Crossword Cybersecurity has been working on the problem of providing effective protection against Application-layer DDoS attacks by employing machine-learning techniques for around two years.  This work is now incorporated into the Nixer product.

The problem of detecting Application-layer DDoS attacks (or layer 7 DDoS attacks) is that they are hard to distinguish from normal user behaviour. Attacks are deliberately kept relatively small when compared to Network layer attacks so as not to trip simple threshold methods.  They work by tying up system resources for example by repeatedly starting sign-up or password reset processes. They are also rotated and changed often with new attack types emerging every day - making signature based approaches ineffective. 

While Application layer attacks only make up between 10 and 15% of all DDoS attacks, they remain very hard to detect and defend against.  Machine-learning has often been considered the most likely method to be able to reliably distinguish between good and bad traffic - which is indeed the experience of Crossword.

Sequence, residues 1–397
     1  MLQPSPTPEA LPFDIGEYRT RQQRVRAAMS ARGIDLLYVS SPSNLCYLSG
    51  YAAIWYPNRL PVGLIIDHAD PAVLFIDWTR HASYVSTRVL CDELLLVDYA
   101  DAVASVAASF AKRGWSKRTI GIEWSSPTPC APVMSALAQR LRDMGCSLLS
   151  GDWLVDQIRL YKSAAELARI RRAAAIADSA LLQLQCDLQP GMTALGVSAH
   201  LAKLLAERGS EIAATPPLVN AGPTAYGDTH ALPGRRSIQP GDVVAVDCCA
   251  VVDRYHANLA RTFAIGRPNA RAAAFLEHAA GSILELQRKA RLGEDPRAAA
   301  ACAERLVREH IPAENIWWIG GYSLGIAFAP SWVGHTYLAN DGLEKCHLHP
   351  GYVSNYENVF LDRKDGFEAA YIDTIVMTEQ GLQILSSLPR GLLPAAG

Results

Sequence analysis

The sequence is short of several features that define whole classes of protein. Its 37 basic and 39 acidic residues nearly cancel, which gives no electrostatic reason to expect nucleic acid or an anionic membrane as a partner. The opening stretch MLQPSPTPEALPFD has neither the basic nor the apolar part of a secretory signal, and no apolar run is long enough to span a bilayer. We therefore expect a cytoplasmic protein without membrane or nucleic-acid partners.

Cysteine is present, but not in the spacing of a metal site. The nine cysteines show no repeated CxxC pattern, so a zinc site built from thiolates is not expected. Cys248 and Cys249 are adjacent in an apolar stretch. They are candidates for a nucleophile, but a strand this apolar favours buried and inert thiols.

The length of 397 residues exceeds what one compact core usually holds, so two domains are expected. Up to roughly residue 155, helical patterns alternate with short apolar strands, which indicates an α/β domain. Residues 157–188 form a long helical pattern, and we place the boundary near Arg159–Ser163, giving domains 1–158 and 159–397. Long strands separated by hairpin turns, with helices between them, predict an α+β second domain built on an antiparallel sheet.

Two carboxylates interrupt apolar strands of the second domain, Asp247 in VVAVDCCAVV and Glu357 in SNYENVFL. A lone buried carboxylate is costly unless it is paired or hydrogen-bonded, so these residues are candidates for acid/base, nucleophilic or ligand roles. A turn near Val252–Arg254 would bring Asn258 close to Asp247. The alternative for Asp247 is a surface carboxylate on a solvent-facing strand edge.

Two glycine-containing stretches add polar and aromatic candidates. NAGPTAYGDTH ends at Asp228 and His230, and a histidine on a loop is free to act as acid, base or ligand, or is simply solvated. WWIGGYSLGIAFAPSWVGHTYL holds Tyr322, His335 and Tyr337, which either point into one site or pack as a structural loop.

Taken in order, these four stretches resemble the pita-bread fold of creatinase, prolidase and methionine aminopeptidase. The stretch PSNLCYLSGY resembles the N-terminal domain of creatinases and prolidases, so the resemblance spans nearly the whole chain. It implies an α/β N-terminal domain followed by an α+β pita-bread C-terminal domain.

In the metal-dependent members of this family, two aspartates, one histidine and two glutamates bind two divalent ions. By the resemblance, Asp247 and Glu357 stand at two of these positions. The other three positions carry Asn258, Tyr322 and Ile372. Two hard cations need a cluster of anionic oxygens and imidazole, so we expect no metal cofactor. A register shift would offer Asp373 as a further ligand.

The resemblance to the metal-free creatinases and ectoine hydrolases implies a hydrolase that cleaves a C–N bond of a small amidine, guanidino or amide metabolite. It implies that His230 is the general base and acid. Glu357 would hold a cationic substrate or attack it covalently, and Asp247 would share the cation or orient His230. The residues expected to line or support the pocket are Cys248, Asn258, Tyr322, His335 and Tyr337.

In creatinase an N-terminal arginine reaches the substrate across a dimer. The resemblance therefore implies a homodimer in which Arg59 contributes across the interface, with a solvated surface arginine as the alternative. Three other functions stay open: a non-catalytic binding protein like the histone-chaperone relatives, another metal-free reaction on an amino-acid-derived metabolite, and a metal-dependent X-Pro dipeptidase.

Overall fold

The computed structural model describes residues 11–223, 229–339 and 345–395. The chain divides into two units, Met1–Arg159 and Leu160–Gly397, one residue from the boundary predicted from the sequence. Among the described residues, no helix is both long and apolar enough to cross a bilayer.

Crossword's research was originally based on CTO Paul Lewis’s work looking at anomaly detection in large datasets.  Paul's background includes working at the UK Defence Academy and Cranfield University.  This was extended into Layer 7 or Application Distributed Denial of Service attack detection when he joined crossword April 2015.  A leading specialist in machine-learning was later added to the team.

Find out more about Nixer for application layer DDoS protection